8 First Timer Must Do, Must See Sites in The Great Smoky Mountains
If you are heading to the Great Smoky Mountains for the first time, here are our stops for Smoky Mountain visitors: our not-to-be missed sites and things to do!
The Great Smoky Mountains get their name from the blue-like smoky mist that surrounds them. These beautiful peaks make a picturesque backdrop for Pigeon Forge. In the Smoky Mountains, discover 500,000 acres of Southern Appalachian wilderness on one of the oldest uplands on earth! The mountains are 95-percent forest and home to diverse wildlife. Uncover breathtaking streams, waterfalls and flowering plants.
Great Smoky Mountains National Park stretches across more than 800 square miles of western North Carolina and eastern Tennessee. The Park is home to amazing wildlife, breathtaking views all year long and some of the oldest mountains in the world.
1. Sugarlands Visitor Center
The Sugarlands Visitor Center is the perfect place to start your first journey into the park. You can pick up a map of the park, ask the rangers any questions you might have or check out some of the exhibits that are on display throughout the visitor center. There’s also a 20-minute movie about the park that you can watch for free. If you miss this stop before you explore the park, stop by after to visit the gift shop and pick up a souvenir.
2. Clingman’s Cove
The Smoky Mountains are the most visited national park in the United States. The crest of the Great Smokies runs in an unbroken chain of peaks that rise more than 5,000 feet for more than 36 miles. Elevations in the park range from 876 to 6,643 feet – at Clingman’s Dome, which we’ll talk about below.
At 6,643 feet, Clingmans Dome is the highest point in the Great Smoky Mountains National Park. It is the highest point in Tennessee, and the third highest mountain east of the Mississippi. Only Mt. Mitchell (6,684 feet) and Mt. Craig (6,647), both located in Mt. Mitchell State Park in western North Carolina, rise higher.
“The observation tower on the summit of Clingmans Dome offers spectacular 360° views of the Smokies and beyond for visitors willing to climb the steep half-mile walk to the tower at the top. On clear days, views expand more than 100 miles.” This is one of many reasons we name it #2 on our list of stops for Smoky Mountain visitors.
There’s a Webcam too! Located at high elevation on the eastern end on the park, the Clingmans Dome webcam offers views to the west.
Number 3 on our list of stops for Smoky Mountain visitors: Billed as North America’s largest pedestrian suspension bridge – Sky Bridge is 680 feet from tower to tower. There are long-term plans for some attractions on the other side, but for now, the bridge in Gatlinburg is an experience all its own – with fantastic views.
To get to the Sky Bridge, take the Skylift up to Skylift park. The lift takes visitors up and down the mountain for spectacular 360-degree views. Visitors get off at the new Skydeck, where they can sit outside, buy a beer and do some shopping.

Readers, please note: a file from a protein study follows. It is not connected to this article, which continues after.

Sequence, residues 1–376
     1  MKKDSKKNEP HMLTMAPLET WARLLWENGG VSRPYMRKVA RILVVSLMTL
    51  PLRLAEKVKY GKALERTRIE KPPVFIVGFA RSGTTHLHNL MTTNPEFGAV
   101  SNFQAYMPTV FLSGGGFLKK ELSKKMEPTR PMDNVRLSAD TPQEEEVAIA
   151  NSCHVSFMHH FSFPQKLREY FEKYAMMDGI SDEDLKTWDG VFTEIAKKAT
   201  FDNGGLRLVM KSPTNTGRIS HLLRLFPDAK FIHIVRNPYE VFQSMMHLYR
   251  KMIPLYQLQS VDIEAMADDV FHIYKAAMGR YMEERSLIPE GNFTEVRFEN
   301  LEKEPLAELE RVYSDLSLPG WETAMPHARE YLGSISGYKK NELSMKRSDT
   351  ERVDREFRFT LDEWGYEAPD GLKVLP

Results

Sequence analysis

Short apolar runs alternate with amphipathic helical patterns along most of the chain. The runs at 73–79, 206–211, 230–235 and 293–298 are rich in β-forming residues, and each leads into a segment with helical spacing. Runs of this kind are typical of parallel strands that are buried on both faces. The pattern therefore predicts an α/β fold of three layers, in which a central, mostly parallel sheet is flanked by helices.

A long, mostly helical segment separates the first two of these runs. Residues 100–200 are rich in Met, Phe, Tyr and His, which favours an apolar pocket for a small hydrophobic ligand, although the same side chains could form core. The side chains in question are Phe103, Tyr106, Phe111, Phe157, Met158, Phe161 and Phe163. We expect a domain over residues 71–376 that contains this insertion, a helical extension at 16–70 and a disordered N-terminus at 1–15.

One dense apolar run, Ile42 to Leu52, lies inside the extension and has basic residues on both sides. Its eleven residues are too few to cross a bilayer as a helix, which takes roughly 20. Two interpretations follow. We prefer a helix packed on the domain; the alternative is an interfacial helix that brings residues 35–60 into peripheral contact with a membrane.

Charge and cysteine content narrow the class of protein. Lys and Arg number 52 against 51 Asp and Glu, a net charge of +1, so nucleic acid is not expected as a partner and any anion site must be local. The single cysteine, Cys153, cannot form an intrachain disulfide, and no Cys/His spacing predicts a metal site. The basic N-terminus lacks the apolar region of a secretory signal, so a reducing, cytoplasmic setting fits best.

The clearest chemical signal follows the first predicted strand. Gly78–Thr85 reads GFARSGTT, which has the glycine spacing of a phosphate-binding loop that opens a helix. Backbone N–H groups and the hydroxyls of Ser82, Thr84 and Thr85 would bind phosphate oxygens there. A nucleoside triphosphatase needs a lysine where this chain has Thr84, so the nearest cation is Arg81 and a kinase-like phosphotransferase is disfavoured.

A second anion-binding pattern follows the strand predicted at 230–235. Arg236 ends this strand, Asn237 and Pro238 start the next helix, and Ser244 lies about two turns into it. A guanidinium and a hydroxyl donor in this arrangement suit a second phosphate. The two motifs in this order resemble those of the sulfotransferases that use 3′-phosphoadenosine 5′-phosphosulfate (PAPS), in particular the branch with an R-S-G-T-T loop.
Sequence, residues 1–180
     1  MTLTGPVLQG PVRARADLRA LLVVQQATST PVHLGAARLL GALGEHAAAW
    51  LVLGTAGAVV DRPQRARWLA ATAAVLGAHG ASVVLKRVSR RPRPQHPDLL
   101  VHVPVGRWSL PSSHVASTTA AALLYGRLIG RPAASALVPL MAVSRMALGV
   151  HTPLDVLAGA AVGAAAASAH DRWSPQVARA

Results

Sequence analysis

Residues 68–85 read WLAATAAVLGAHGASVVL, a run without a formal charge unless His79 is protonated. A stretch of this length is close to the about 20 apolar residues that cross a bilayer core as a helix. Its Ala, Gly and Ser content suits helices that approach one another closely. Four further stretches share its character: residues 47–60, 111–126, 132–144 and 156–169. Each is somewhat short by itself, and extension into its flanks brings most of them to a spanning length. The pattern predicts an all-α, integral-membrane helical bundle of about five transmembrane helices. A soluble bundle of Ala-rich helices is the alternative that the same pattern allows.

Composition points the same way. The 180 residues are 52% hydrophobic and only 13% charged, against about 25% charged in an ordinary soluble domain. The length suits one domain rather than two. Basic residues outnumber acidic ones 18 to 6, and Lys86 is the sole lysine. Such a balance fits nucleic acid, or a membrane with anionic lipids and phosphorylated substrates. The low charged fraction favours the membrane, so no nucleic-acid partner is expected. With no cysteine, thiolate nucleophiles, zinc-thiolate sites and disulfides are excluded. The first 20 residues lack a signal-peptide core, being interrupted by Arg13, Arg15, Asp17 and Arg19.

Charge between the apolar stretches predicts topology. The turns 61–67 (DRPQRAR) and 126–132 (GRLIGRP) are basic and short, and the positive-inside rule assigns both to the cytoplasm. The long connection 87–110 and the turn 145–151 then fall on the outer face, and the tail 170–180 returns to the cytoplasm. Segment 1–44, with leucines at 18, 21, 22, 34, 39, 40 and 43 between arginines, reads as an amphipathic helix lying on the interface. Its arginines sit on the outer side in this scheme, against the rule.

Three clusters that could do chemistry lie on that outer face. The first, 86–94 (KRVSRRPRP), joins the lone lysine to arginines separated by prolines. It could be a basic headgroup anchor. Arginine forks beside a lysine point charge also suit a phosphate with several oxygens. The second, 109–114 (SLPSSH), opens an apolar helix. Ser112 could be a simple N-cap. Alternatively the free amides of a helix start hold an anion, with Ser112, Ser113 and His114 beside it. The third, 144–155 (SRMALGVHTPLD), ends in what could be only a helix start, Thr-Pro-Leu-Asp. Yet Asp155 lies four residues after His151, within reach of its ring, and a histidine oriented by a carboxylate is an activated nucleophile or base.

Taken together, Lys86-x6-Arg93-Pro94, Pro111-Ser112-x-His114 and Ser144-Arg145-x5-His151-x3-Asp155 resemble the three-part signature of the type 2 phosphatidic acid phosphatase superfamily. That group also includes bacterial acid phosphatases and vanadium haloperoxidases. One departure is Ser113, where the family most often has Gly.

The SkyCenter at the SkyDeck on Crockett Mountain, overlooking Gatlinburg offers up “sweeping panoramic views” of the Great Smoky Mountains National Park.
Oh boy, do we love pancakes in the Smokies, and there is no shortage of places to get the sweet, fluffy breakfast cake – most any time of day, which is why this is number 4.
Atrium Pancakes, 432 Parkway, Gatlinburg, serves a baked apple pancake that is truly different. They also serve Caribbean pancakes with bananas and coconut – and much more!
Log Cabin Pancake House, 327 Historic Nature Trail, Gatlinburg, has 12 kinds of pancakes plus seven kinds of Crepes (French pancakes)! From old-fashioned buttermilk pancakes to wild blueberry pancakes; butterscotch chip pancakes to pigs in a blanket; and blackberry crepes to peach crepes, Log Cabin Pancake House has many flavors to offer in the restaurant with the wagon on top.
Pancake Pantry, 628 Parkway, Gatlinburg, was Tennessee’s first pancake house when it opened in 1960. Located in a hard-to-miss building with a majestic slate roof, gables and large windows, the pancake house continues to make everything from scratch. With 26 pancake and crepe choices on the uniquely designed menu, it could take you a while to decide! There are sweet potato pancakes, corn meal pancakes, pecan pancakes and sugar and spice pancakes among the options.
Little House of Pancakes, 807 E. Parkway, Gatlinburg, serves “all you can eat” pancakes for $8.25. They are served with whipped butter and homemade hot syrup. Fillings or toppings may be added for a charge – and there are many to choose from – strawberry, blackberry, blueberry, pecan, peach, apple, cherry, banana, chocolate chip … YUM!
Flapjack’s Pancake Cabin has three locations in Gatlinburg alone: 146 Parkway before Traffic Light 1; 956 Parkway after traffic light 8; and 478 E. Parkway, highway 321 before traffic light 1A.
Flapjack’s is home of the sticky bun pancake – Cinnamon swirled pancakes, blended with pecans and topped with cream cheese icing. Also on the menu are Reese’s peanut butter pancakes and cinnamon harvest pancakes. And of course, traditional buttermilk pancakes plane or with toppings!
5. Cades Cove
Coming in at number 5 on our list of stops for Smoky Mountain visitors, Cades Cove is a favorite destination for many people visiting the Smokies. In fact, if Cades Cove was its own National Park, it would be the third most visited national park in the country! With more than 11 million people coming through the Smokies each year, and nearly 4 million of them choose a trip to Cades Cove. Here are six reasons YOU should visit Cades Cove on your next Smoky Mountain vacation.